Thanks Jason. I've got six racks going on tomorrow for the game. Guess I'm gonna roll with the water until I can talk to Chad. Like I said, everything that has come off that smoker has great taste and tenderness, just not that crusty bark. Do you normally follow the same kind of cook times? I assume so seeing you're cooking at the same temps. My other cooks so far have been about the same. If anything, my butts have maybe cooked a little faster on this smoker.

WHS88
02-04-2017, 05:31 PM
By the way Jason, both sets of your ribs look pretty darn good to me! If I can get these tomorrow looking like that, I'll be pretty happy!

Jason TQ
02-04-2017, 05:38 PM
Thanks Jason. I've got six racks going on tomorrow for the game. Guess I'm gonna roll with the water until I can talk to Chad. Like I said, everything that has come off that smoker has great taste and tenderness, just not that crusty bark. Do you normally follow the same kind of cook times? I assume so seeing you're cooking at the same temps. My other cooks so far have been about the same. If anything, my butts have maybe cooked a little faster on this smoker.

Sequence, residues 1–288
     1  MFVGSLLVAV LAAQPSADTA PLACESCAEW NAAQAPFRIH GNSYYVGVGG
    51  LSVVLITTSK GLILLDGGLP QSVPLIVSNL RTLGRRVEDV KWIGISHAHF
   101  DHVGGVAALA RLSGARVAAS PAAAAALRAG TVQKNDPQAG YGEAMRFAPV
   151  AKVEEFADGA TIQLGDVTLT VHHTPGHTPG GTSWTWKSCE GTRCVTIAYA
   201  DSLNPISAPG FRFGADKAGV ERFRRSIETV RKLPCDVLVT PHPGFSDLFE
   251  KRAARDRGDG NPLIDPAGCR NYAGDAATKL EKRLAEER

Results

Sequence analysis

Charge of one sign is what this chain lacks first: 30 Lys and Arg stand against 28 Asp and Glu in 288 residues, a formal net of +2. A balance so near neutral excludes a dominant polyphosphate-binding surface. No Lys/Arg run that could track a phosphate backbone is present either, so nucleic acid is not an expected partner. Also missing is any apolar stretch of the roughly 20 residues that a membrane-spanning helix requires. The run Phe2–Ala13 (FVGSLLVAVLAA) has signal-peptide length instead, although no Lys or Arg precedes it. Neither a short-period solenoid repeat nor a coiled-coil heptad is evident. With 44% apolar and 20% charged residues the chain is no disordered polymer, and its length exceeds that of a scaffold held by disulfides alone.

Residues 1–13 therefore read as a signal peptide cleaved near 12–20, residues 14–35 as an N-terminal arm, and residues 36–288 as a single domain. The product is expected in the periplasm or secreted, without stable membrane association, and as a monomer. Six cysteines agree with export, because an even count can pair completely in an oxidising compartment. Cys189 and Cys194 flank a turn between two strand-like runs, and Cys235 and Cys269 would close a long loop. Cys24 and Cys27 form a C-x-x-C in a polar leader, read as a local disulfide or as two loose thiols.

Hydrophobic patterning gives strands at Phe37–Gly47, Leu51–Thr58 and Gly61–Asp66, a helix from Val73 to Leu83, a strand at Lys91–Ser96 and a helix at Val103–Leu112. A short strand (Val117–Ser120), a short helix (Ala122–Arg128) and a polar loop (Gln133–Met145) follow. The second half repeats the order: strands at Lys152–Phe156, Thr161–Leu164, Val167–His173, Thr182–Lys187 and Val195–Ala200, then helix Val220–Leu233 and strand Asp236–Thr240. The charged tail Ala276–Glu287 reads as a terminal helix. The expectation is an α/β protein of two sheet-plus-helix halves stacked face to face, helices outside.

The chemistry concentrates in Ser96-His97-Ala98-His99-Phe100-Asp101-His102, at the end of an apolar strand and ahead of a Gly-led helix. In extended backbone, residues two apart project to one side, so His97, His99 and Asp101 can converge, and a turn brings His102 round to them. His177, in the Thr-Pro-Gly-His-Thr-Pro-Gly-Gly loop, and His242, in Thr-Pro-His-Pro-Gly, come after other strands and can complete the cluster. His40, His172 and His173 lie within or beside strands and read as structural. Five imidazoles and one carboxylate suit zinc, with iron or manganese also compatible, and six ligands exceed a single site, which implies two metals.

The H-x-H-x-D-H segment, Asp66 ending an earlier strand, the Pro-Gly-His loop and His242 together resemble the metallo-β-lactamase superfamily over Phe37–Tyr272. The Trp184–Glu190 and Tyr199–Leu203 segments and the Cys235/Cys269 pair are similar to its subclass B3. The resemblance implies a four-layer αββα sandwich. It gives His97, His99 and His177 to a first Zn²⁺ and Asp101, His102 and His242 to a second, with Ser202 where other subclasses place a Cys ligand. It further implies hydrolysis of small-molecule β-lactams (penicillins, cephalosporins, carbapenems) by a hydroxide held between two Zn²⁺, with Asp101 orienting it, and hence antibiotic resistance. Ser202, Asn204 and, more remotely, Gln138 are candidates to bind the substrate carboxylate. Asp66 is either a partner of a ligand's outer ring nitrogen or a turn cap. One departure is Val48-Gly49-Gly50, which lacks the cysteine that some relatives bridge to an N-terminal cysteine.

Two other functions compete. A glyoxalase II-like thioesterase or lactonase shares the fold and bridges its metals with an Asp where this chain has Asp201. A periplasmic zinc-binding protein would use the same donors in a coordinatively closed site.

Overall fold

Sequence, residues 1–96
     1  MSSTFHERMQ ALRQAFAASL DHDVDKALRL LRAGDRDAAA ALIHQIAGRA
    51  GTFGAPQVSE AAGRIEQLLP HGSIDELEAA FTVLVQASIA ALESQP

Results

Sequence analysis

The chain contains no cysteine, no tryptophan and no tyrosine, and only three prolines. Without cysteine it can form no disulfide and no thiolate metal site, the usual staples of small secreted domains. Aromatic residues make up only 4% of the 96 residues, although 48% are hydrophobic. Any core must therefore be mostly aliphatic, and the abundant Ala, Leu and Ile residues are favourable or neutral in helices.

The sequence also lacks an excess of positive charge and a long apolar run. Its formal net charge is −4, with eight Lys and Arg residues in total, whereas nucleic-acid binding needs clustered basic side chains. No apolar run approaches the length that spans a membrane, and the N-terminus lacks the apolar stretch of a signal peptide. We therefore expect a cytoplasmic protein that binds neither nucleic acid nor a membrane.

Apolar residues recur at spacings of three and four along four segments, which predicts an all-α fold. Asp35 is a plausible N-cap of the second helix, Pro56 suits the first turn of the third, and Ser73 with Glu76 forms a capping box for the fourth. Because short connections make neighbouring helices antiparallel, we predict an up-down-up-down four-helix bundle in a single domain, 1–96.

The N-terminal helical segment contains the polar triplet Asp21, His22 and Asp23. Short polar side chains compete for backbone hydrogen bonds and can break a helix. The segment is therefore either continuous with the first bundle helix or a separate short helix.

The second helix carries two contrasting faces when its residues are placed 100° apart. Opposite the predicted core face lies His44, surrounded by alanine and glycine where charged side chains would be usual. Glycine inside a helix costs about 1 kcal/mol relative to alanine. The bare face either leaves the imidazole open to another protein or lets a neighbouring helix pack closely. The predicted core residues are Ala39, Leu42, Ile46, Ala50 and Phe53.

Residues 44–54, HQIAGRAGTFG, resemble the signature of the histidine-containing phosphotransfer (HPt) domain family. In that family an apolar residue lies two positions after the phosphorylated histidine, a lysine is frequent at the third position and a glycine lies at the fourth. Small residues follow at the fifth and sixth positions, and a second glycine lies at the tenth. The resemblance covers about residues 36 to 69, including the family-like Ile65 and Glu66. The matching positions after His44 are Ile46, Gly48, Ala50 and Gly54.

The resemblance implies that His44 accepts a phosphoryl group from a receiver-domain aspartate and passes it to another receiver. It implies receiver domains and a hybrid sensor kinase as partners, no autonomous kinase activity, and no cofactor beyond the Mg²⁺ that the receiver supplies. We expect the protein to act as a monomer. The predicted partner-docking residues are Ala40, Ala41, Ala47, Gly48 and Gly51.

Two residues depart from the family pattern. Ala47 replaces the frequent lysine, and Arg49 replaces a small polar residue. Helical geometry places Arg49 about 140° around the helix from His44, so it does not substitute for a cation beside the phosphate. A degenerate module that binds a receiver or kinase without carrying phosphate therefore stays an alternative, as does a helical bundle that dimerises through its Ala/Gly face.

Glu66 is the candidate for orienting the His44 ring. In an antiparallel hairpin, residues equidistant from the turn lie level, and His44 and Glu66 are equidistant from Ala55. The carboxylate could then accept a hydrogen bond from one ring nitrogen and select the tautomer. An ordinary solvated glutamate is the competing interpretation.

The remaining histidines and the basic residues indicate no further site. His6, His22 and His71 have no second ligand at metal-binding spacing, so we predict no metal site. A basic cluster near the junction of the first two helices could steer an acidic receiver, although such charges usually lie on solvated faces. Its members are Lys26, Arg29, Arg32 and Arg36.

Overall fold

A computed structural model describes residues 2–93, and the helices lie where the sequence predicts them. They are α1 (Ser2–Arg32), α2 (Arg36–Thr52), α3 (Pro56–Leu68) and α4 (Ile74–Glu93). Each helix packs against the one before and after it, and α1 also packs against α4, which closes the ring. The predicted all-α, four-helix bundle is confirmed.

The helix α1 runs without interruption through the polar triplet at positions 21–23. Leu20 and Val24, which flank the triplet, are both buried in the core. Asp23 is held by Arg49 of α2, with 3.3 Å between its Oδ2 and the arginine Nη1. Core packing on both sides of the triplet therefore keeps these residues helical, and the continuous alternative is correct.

Ya normally cook times are about the same. For a while I thought my BW cooked a little faster, but I haven't done too many statistical analysis :loco:. My friends never complain about lack of bark when doing ribs on my BW vs when they are on my shirley.

pjtexas1
02-04-2017, 07:01 PM
I never run water in either of my insulated cabinets. I use a heat diverter and foil the water pan if I'm not cooking in pans. Bark is a little better without water. I do find that the insulated cabinet cooks quicker. I find it cooks a lot quicker if the meat is really cold. You could replace the pan with a sheet of flat steel. I did that in my red box smoker.

cfrazier77
02-04-2017, 07:53 PM
I have a Humphrey's with a slide in water pan. I run it dry half the time, depends on what I am cooking. I have no problems with maintaining temp with or without water. I would check with Chad on the drop in before doing it just to be safe.

jsperk
02-04-2017, 08:10 PM
I asked and Humphrey's about running dry they said it's fine. I do put ceramic pieces in mine for a heat sink. I also have the heat diverter.

WHS88
02-06-2017, 06:38 PM
The water pan shouldn't make your food wet. How cold is it outside when you cook and at what temp are you cooking? If it's cold out and you're cooking at 225 the humphreys tend to get a ton of condensation built up. When it's cold let it run around 275 and I'd bet that solves your problem.

Wayne, I think you may have nailed it. Yesterday was my first cook in warm weather. Temps were mid to upper 60's during cook. I did every this the same as usual and I didn't have condensation. From your experience it sounds like I may need to up my temps on cold day cooks. Thanks!

wayne77
02-06-2017, 06:47 PM
I'm glad you've got it figured out and happy I could help.